Such a decision is the most intelligent way we can respond to the Lord of the universe. To put him in charge of our lives is to live the very best lives we can know. How can we do less?

Bill Bright was one of the most influential Christians of the last 100 years. The Founder of Campus Crusade for Christ and developer of the “Four Spiritual Laws” tract, he also produced the Jesus film which has been seen by billions across the globe.

Dr. Bright died on July 19th of this year, from lung disease. Last year, speaking at the Southern Baptist Convention, he explained the secret to his life of service and effectiveness: “We’re crucified with Christ; we’re buried with Him; we’re raised with Him. Galatians 2:20 tells us, ‘I am crucified with Christ, nevertheless I live. Yet not I, but Christ lives in me. The life which I now live in the flesh, I live by faith in the Son of God who loved me and gave Himself for me.’

“This must be the pattern for our lives as well. In 1951, God led my wife, Vonette, and me to sigh a contract to be slaves of Jesus. I’d never heard of that being done, but it made a lot of sense. I was in business, and I signed a lot of contracts. But this was to be the most important contract Vonette and I would ever be involved in.

“We wrote it out one Sunday afternoon. At the time, I was in business, going to seminary, and had great dreams of serving the Lord Jesus—even though I didn’t know for sure where or how.

“About 24 hours later—after we had signed the contract—God, in a special way which words can never describe, gave me a vision we call Campus Crusade for Christ. Had there been no contract, in my opinion, there never would have been a vision. The vision followed the total, absolute surrender of our lives to the Lordship of Christ.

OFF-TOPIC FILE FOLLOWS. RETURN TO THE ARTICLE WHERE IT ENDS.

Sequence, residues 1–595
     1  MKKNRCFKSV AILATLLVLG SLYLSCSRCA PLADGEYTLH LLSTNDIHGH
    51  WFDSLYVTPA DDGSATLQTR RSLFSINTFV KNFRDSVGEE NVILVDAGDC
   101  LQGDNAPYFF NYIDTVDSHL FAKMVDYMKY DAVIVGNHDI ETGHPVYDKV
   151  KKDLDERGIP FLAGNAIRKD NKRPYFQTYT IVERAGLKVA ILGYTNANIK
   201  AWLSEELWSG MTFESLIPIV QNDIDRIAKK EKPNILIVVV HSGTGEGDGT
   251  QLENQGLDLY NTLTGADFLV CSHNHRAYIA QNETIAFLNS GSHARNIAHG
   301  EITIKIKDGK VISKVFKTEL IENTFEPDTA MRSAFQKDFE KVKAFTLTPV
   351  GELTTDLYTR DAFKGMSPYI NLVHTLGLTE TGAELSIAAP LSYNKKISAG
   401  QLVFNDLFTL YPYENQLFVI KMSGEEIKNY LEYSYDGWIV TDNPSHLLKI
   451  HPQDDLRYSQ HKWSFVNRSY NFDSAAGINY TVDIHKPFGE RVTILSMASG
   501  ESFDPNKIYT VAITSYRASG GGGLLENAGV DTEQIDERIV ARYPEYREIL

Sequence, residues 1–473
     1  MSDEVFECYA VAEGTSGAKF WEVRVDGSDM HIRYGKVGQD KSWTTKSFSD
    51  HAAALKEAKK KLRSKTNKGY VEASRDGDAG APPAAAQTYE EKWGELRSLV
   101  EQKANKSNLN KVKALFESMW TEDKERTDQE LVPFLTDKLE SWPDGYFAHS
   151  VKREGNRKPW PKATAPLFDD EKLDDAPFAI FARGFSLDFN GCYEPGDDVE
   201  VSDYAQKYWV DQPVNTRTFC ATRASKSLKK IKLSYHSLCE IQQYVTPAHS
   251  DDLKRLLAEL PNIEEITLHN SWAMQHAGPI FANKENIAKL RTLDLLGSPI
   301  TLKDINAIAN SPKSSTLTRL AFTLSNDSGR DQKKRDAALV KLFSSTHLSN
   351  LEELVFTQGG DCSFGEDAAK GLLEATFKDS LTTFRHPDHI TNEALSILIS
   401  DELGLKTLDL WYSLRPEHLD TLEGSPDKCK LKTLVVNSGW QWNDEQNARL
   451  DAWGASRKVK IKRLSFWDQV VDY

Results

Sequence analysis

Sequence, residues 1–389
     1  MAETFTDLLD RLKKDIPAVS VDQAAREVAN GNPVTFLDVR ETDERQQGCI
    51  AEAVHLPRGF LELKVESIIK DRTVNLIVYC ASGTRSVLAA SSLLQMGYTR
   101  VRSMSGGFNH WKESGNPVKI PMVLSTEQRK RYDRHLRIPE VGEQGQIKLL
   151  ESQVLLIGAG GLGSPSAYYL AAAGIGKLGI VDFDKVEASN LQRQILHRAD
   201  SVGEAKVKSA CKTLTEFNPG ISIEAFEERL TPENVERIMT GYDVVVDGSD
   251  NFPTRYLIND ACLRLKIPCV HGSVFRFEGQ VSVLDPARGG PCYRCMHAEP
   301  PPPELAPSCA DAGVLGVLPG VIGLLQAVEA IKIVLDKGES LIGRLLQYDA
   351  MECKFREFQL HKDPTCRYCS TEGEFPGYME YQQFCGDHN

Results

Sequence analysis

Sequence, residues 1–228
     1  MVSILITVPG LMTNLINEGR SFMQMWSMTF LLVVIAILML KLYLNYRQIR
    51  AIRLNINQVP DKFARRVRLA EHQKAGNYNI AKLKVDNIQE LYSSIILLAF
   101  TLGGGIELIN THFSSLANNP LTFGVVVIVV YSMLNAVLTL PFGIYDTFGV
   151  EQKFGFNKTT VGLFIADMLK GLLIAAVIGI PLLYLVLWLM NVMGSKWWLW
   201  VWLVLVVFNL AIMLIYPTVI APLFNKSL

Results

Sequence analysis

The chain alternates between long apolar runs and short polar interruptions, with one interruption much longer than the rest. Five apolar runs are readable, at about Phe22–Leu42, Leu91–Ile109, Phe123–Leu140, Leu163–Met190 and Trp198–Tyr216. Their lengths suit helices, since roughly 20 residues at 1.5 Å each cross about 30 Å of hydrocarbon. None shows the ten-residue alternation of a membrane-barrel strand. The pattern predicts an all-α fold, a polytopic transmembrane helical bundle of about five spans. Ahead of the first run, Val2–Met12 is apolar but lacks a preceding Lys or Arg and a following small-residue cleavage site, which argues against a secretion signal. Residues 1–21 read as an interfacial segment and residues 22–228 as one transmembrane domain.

“The number one problem you and I will ever have goes all the way back to Adam and Eve. It is ego—self. Every problem that you can think of in your personal life, with your family, at your church goes back to self. We demand our rights and desires. All of that must be crucified with Christ.

“Every time self rears its ugly head we start to ask, ‘Why don’t people respect me more?’ ‘Why don’t they take me more seriously?’ ‘Why is this person criticizing me?’ ‘Why am I going through these experiences?’ The only solution is to die to self. In death, we find Christ truly is victor over all. . . .

“I can tell you that the last year of my life has been the most fruitful, productive and most joyful year—even though I’m on oxygen 24-hours a day. Circumstances do not contribute to misery. It’s our lack of understanding of who God is and His wonderful Holy purpose for us that frustrates so many. And the flesh rears its ugly head—always reminding us that we have our rights.

“Yet, you and I have no rights. We are dead. Our lives are hidden with Christ in God. We’ve been purchased with a price, the precious blood of the Lord Jesus. To surrender yourself totally, irrevocably, without reservations to the living Christ is the greatest privilege man can know in this life.

“To live the self-centered life is to live in self-imposed spiritual poverty. I’m eighty-one years old, and even though I’ve preached for many years, I’m just now beginning to truly understand the importance of being dead to Bill Bright

“Bill Bright has no rights in my life. Christ has purchased me. I belong to him. Now every morning you and I must get on our knees and acknowledge we belong to Jesus Christ. Only then can true revival begin.”

Bill Bright signed a contract to be the “slave” of Jesus. To put his life completely in the powerful hands of the Lord of the universe. Did he make the right decision?

Will you?